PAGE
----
Hindsight Is 20/20: What Dads of Daughters Wish They Could Do Differently
“Let’s be imitators of our King.”
Have you ever heard the saying “God always knows what we need?” Well
it is true, and God knew that I needed daughters. He blessed my wife and
I wife with three beautiful girls. God knew how much I needed to mature
in the areas of selflessness, compassion, sensitivity and love. Yes,
marriage has taught me all of those things, but after having daughters I
can honestly say God has used and is currently using them to grow me in
those areas at a much deeper level.
“Hear, O Israel: The Lord our God, the Lord is one. Love the Lord
your God with all your heart and with all your soul and with all your
strength. These commandments that I give you today are to be on your
hearts. Impress them on your children. Talk about them when you sit at
home and when you walk along the road, when you lie down and when you
get up. Tie them as symbols on your hands and bind them on your
foreheads. Write them on the doorframes of your houses and on your
I remember holding my oldest daughter in the hospital delivery room just like it was yesterday, that was over 10 years ago. I say that to remind myself that life slows down for no one. Every second I am with them counts for something and it is measured by an eternal purpose. Wow, that is heavy! I mean that literally, when I say that out loud I realize it is something I can’t carry alone. Thank God His plan is always better than mine, and that His ways are always better than mine.
I am blessed to have a strong community of Christ-following brothers. The other day I sent out a text to a handful of them and asked them a question. “If you could or would change anything about fathering your daughter, what would it be?” Some of them currently have daughters still in their household and some of them are grandfathers. I want to share a few of their responses:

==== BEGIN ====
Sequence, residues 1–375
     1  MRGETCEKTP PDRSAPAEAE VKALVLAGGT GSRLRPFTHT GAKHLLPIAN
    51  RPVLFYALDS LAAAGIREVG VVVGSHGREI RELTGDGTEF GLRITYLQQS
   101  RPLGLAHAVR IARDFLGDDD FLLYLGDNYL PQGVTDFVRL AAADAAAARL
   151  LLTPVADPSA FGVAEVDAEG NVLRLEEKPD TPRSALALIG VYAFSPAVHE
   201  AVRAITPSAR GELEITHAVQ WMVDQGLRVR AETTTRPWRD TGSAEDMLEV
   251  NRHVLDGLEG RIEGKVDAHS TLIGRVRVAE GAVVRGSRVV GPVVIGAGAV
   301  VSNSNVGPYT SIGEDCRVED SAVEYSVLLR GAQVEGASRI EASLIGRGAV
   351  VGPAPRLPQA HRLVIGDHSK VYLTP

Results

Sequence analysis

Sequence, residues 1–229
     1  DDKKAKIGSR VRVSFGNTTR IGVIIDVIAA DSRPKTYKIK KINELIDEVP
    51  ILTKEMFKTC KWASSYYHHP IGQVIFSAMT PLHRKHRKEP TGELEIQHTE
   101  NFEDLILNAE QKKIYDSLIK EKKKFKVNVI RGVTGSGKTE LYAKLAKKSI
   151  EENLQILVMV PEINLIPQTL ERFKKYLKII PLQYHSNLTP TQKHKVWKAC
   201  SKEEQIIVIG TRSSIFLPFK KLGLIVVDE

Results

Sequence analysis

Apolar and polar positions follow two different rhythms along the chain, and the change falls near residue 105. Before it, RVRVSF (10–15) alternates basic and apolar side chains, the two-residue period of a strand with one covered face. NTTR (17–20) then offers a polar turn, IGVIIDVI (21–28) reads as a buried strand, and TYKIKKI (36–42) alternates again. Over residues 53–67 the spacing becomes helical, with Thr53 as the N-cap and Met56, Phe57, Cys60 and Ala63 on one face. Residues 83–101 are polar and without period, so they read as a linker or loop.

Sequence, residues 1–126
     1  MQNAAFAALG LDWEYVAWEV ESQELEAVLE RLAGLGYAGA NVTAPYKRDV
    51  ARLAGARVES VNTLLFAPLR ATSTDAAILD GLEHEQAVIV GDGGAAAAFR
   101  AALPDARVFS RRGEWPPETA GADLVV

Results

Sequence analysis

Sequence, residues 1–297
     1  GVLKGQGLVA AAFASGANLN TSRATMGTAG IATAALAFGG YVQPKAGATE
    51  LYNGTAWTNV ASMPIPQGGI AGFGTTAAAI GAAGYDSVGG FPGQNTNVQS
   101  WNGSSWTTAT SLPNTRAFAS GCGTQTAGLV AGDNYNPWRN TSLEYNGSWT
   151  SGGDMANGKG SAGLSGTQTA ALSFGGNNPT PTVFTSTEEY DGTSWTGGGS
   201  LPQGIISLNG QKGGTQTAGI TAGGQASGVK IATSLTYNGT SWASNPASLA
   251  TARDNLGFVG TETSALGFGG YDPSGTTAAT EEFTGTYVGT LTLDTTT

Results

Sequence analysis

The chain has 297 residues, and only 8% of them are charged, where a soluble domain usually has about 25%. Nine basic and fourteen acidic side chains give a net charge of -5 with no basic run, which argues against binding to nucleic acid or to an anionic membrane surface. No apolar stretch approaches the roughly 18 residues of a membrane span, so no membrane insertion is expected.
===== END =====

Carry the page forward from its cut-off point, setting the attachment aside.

• “I would praise them more, especially telling them more often how beautiful they are to me.”
• “I would love, honor and respect their mother in a better way in front of my daughters. I want them to see a better example of what it means for a husband to love his wife. I have often fallen short in that area in front of my daughters. I would set aside certain ministry activities that have taken me away from extra time with my daughters. I don’t want my girls to grow up being bitter toward the church that took their daddy away so much.”
• “If I could go back and correct anything with raising my daughters, I would do two things better: be more consistently intentional with them in terms of the content of our conversations, and I would, earlier on, measure everything I saw in them and for them against the kingdom of God. In other words, in teaching them to measure success early in their lives, I could have had a more pure grid of God’s kingdom, and not man’s at all.”
• “I would spend more time with them as they were growing up, and not so much time working.”
• “I wish I could have figured out a way that when I talked to them about their relationships with God that I didn’t come across like I was giving a lecture.”
• “I could and should be more of a spiritual leader.”
• “The one change I am making is by spending more relaxed one-on-one time with my daughters. Meeting them on their turf, and doing activities they enjoy. My wife does this well, but I’ve got plenty of room to grow here.”
• “Although time is flying by, thankfully I still have the chance to improve! I think one thing is more one-on-one time. Dad-daughter dates to foster talks. Also, or as part of that, to have more meaningful conversation.”
• “I wish I would have invested more quality time with them and did what they wanted to do as opposed to being selfish and doing what I wanted to do … watching sports.”